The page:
Updated: Jul 30, 2020
“Apples, pears, peaches, plums, tell me when your birthday comes.” Remember skipping hot peppers, naming the months until you reached your birth month? Or maybe you liked “A… My Name Is Alice” better. Jumping rope was fun in grade school, but you don’t have to give it up when you get older. In fact, it can have many benefits, like improving your cardiovascular fitness, losing weight, and building stronger ankles.
If you haven’t jumped for years, you’ll be surprised how much coordination and stamina it takes. Take things slowly at first. You might even want to start out with lower-impact activities first to condition your ankles, like biking, swimming, or stair stepping. Once your ankles are a bit more limber, you can take it up a notch.
Wear sturdy shoes with lots of cushioning for the impact of your jumps. Cross trainers work well, but if you have arch issues, be sure to wear your orthotics, too. Wood floors, a sheet of plywood, or an impact mat are better surfaces to skip rope on than cement (too hard), grass (grabs at your feet—sprains) or a trampoline (throws you off balance).
Choose a rope that has some heft; it makes a better arc. If you stand on the center, the handles should reach just under your armpits. Make sure you have enough room above your head, keep your elbows close to your body, and start swinging and jumping. Your feet should lift a few inches off the floor—just enough for the rope to swing through. Land lightly on the balls of your feet. Rising on your toes and springing up helps strengthen the muscles and tendons in your feet and legs and builds stronger ankles.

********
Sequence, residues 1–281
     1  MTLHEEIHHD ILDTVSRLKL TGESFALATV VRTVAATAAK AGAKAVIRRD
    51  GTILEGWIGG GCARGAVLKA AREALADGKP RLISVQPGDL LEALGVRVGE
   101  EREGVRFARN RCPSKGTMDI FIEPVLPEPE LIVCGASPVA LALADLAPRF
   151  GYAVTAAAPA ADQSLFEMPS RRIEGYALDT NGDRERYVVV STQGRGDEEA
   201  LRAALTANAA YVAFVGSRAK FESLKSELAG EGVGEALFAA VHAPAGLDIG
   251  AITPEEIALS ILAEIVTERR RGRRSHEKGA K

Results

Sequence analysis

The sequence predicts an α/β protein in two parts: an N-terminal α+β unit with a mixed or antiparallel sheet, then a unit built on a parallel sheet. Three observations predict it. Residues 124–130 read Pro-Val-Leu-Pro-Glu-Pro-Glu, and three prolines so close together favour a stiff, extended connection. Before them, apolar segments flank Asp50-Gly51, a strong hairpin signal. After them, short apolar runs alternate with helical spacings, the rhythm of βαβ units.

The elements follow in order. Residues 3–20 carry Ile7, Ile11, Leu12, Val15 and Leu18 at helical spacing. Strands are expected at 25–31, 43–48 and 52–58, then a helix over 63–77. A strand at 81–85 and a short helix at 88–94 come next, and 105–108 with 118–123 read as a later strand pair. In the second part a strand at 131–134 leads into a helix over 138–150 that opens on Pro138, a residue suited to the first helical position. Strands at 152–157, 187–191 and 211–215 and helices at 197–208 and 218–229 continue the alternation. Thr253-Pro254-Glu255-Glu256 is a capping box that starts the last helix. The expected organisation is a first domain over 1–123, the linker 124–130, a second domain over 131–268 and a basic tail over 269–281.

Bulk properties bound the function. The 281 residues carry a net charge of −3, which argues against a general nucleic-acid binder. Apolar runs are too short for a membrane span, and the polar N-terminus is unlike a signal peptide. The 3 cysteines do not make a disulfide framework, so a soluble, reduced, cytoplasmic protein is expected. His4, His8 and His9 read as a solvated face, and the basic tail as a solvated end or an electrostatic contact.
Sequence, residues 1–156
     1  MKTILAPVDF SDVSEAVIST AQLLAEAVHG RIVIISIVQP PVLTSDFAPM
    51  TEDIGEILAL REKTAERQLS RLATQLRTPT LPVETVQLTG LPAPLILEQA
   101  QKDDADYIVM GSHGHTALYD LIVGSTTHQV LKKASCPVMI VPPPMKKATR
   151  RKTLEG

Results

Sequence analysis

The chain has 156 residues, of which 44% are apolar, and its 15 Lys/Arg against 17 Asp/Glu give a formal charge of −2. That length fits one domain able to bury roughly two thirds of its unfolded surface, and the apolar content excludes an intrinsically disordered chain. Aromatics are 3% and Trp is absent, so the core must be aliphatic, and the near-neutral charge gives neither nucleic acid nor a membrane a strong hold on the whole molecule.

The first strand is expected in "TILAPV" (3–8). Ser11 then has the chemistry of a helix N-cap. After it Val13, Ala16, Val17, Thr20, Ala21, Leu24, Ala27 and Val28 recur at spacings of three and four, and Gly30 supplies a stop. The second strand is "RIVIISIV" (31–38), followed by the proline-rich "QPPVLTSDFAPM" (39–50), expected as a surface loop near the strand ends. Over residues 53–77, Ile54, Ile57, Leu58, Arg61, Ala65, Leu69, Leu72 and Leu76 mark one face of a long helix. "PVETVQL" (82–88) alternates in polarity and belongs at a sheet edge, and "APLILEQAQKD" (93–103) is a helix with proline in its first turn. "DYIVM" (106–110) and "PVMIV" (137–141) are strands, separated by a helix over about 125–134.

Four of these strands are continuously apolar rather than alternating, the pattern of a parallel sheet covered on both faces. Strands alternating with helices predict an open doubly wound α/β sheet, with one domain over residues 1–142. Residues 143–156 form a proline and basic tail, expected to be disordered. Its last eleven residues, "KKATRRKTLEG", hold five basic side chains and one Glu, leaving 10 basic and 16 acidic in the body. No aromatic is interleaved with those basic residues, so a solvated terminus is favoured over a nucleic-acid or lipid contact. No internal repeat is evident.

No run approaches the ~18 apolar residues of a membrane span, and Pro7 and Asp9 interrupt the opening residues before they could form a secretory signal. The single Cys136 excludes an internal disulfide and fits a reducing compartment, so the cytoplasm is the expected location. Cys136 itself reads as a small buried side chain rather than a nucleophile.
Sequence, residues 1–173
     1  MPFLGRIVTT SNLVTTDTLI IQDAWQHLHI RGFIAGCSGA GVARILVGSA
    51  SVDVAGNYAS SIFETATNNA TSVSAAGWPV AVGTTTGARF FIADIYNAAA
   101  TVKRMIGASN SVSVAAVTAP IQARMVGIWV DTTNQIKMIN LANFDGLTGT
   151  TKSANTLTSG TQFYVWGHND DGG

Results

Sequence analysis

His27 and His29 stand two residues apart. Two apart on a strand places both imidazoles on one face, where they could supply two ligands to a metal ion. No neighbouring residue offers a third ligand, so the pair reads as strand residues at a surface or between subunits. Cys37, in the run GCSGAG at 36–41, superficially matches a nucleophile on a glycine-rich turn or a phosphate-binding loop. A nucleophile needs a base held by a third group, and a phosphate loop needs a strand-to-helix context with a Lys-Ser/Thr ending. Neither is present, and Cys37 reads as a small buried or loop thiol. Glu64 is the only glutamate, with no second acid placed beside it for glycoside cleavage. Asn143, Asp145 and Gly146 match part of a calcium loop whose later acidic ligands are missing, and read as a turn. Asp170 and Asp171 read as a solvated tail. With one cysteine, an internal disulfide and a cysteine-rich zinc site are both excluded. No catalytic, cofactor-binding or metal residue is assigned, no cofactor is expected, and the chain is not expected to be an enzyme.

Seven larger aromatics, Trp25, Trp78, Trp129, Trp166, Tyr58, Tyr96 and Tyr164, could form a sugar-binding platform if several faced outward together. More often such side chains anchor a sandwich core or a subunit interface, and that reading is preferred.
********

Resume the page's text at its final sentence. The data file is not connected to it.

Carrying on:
Start out with 30 seconds of jumping at a time, interspersed with marching or walking. In fact, your workout should probably not consist just of skipping rope. Ten minutes of solid jumping may be about the max. Build jumping rope into a routine that includes other movements as well, and cross train with other activities on alternate days.
At Gulf South Foot & Ankle, LLC, we may even recommend activities like jumping rope as part of rehab after healing from an ankle injury or surgery. If you have questions about technique or want guidelines for including it in your routine, call our office in Metairie, LA, at (504)-708-4810.